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Illustration: Jarkko Hyppönen

Open the Door for Curiosity

Curiosity is seen as the new superpower in the workplace, with job ads on the search  for “curious employees”. Why does curiosity matter in business? 

Previous page Illustration: Jarkko Hyppönen

Open the Door for Curiosity

Curiosity is seen as the new superpower in the workplace, with job ads on the search  for “curious employees”. Why does curiosity matter in business? 

Reetta Räty, 25.10.2019


Long Forms

In television series Stranger Things, actress Winona Ryder along with her friends and the police investigates supernatural events that are happening in the American town of Hawkins. Netflix hit a new record with the opening episode of the third season: 40 million viewers. When Joyce Byers played by Ryder thinks she has discovered what the strange goings-on are all about, she turns to her children s natural science teacher to see if he thinks her theory is possible. Although her theory is definitely odd, the teacher responds: It is possible.

This is how he justifies it: “We cured polio in 53. Landed on the moon in 69. As I tell my students: Once you open up that curiosity door, anything is possible”. 

The same lesson is now being repeated in the business world and academic research: any invention or innovation is possible as long as we let curiosity run riot. So open that door! 

Professor Francesca Gino from Harvard Business School has researched curiosity, claiming that more or less all innovation is connected to curiosity in one way or another.

In an extensive article published in Harvard Business Review titled The Business Case for Curiosity (9-10/2018), she writes that curiosity has a much more significant role for an organization’s success than imagined.

Her latest research sheds new light on the role of curiosity on business from three viewpoints. Firstly, curiosity helps leaders and employees adapt to uncertain, changing conditions and operating environments. Curious people come up with creative solutions to problems, and curious leaders are inspiring and trustworthy because they are open to the wildest ideas.

Secondly, research shows that even minor changes to the organization and working culture can encourage curiosity, whether a question of the creative industries or routine jobs.

There is a constant need to learn new things and curiously seek new alternatives in a rapidly changing world."

The third, new research angle is that although leaders think they appreciate curiosity, they often act the opposite in practice. Gino’s comprehensive, cross-sectoral studies show that only an average of one in four employees feels they are curious at work, and as many as 70 per cent feel that even posing additional questions is met with restrictions.

The professor sees it as a major problem, as being allowed to ask questions and question is vital. It’s also important to curiously head towards new alternatives – ones that wouldn’t even come to mind without endless curiosity. “What if…?” are the key words.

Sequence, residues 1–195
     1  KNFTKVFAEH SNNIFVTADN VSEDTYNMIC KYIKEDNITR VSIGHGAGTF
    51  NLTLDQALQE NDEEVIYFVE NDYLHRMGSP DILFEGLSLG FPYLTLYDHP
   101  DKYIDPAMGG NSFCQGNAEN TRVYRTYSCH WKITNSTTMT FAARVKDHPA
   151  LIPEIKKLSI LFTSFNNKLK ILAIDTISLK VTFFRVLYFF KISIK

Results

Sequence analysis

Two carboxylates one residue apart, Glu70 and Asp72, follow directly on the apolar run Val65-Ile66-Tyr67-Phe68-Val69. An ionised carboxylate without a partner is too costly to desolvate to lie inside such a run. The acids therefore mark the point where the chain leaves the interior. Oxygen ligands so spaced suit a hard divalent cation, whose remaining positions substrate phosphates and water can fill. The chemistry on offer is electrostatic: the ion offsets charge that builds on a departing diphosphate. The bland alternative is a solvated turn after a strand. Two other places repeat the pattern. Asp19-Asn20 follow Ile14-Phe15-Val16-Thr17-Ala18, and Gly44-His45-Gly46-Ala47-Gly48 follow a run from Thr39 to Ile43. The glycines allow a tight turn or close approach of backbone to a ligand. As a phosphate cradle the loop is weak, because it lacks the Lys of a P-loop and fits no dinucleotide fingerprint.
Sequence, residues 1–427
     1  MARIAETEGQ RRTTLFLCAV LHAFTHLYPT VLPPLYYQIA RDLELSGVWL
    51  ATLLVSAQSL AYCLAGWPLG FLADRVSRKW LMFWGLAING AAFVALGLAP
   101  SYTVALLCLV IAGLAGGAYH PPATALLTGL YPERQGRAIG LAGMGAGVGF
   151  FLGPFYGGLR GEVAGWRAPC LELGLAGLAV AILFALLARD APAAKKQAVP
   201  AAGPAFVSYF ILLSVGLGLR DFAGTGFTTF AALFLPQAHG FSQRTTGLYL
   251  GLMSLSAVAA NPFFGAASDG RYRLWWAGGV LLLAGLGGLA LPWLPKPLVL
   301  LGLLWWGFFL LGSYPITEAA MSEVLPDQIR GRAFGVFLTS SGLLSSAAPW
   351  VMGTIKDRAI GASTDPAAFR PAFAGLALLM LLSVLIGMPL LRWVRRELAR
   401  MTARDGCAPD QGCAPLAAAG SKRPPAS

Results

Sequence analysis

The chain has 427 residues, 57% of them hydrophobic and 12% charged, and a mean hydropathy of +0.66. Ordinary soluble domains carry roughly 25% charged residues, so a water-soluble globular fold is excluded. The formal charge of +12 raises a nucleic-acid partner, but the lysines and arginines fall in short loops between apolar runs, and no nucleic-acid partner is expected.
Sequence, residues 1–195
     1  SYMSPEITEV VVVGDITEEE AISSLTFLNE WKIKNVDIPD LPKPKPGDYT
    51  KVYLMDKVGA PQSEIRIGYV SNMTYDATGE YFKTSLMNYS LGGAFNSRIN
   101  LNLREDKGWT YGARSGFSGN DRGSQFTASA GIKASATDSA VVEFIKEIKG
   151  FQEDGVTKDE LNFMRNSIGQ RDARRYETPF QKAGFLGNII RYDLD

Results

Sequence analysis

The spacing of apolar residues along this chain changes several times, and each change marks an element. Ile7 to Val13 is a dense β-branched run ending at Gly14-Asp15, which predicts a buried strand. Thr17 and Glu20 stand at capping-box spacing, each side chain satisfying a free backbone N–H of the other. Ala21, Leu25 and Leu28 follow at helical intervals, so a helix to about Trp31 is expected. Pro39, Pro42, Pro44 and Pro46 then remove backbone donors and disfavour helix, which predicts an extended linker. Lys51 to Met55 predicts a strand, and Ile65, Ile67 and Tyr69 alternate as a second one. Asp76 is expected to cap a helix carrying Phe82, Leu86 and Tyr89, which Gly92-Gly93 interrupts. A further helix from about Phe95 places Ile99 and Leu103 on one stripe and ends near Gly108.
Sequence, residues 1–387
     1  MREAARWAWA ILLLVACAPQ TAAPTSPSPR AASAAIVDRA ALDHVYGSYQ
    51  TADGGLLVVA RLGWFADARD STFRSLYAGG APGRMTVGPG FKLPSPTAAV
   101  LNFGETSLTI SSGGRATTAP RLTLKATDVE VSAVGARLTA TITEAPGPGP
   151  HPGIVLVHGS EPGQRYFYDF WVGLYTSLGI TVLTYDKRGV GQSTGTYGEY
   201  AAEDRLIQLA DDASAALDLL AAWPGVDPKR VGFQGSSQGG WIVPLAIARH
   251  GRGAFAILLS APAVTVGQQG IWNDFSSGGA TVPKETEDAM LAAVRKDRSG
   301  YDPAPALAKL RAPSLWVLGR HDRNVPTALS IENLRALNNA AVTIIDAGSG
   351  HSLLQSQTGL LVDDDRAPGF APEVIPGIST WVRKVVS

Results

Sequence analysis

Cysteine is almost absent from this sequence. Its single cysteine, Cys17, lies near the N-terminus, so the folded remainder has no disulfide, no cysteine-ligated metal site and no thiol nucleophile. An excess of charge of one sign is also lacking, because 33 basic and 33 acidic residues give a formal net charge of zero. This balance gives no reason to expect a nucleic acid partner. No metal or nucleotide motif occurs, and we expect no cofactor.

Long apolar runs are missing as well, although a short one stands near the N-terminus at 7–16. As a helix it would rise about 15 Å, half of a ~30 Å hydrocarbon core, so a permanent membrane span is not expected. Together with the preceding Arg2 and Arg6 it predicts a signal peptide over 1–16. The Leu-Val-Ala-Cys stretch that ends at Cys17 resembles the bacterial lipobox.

Gino justifies the importance of curiosity from a business point of view.

In other words, it’s not about the fact that workplaces that encourage curiosity are exciting and come up with a constant influx of ideas, but about curiosity making good business sense.   

When the World Economic Forum listed the emerging skills for 2022 in its The Future of Jobs Report 2018, most future skills were connected to curiosity in some way: innovation, developing new ideas, active learning, critical thinking, problem-solving… Each of these areas requires a curious mind. The foundation is an idea of continuous learning, and knowledge and skills acquired at school in the past not being enough anymore. There is a constant need to learn new things and curiously seek new alternatives in a rapidly changing world.

“Curiosity is a superpower”, highlights Riitta Lumme-Tuomala, Head of Growth at Aalto University Executive Education. “If you lack interest and curiosity in what’s going on, you simply won’t succeed.” 

Curiosity is the cure or at least part of the solution to many problems related to the changing world of work. Studies have found that in order to succeed in a constantly changing operating environment, those with a desire to learn and learning agility do best. Curiosity has a direct effect: a curious person has a desire to learn, find new viewpoints and skills, and take a look around each corner. Many tasks require applying personal skills in a new situation. Curious people look at uncertainty more through a lens of enthusiasm than worry. They are quick to grasp the new context, sniff around, find out, and ask questions. 

Rapid change and uncertainty are a good match for a curious person, who sees it as an opportunity: when nothing is certain, everything is possible. 

Curiosity is a superpower also because it’s what gives humans an edge over robots. It explains why curiosity is now talked about more than before.  

What the world of work needs right now is new learning – people with skills a machine cannot replace."

“Machines will take care of whatever can be achieved by applying what’s old. What the world of work needs right now is new learning – people with skills a machine cannot replace. Curiosity is one of those skills. Robots aren’t curious”, says Riitta Lumme-Tuomala. 

When machines take care of processes, people are left with empathy, a human touch – and reaching out towards the future where robots cannot go alone. Curiosity generates that much talked about work engagement, a drive to go forward or deeper, whether in research, transformation, or an innovation process. “What are all the possible solutions for this particular problem? Just think of all the possibilities!”